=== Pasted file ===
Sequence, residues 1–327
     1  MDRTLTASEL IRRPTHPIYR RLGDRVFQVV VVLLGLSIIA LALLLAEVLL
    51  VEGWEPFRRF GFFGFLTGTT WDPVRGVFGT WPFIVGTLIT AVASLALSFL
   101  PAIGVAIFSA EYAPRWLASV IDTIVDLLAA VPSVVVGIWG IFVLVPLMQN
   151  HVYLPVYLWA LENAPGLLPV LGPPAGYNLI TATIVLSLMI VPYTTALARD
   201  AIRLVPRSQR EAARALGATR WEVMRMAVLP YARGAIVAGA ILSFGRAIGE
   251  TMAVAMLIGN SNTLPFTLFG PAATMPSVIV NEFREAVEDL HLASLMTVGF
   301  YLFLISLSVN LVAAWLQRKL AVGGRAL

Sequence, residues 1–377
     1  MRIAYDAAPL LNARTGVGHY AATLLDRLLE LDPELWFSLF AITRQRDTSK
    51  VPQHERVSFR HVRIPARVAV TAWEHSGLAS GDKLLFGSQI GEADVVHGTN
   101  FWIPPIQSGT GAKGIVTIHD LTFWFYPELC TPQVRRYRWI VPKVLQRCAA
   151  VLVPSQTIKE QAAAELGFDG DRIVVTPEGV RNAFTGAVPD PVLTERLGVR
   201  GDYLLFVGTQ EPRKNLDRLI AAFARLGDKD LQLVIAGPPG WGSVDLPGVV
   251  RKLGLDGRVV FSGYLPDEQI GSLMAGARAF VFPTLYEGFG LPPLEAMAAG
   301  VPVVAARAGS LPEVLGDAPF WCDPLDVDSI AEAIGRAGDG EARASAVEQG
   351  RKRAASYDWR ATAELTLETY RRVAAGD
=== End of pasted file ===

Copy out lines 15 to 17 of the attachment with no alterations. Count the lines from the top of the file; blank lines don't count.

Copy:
   251  RKLGLDGRVV FSGYLPDEQI GSLMAGARAF VFPTLYEGFG LPPLEAMAAG
   301  VPVVAARAGS LPEVLGDAPF WCDPLDVDSI AEAIGRAGDG EARASAVEQG
   351  RKRAASYDWR ATAELTLETY RRVAAGD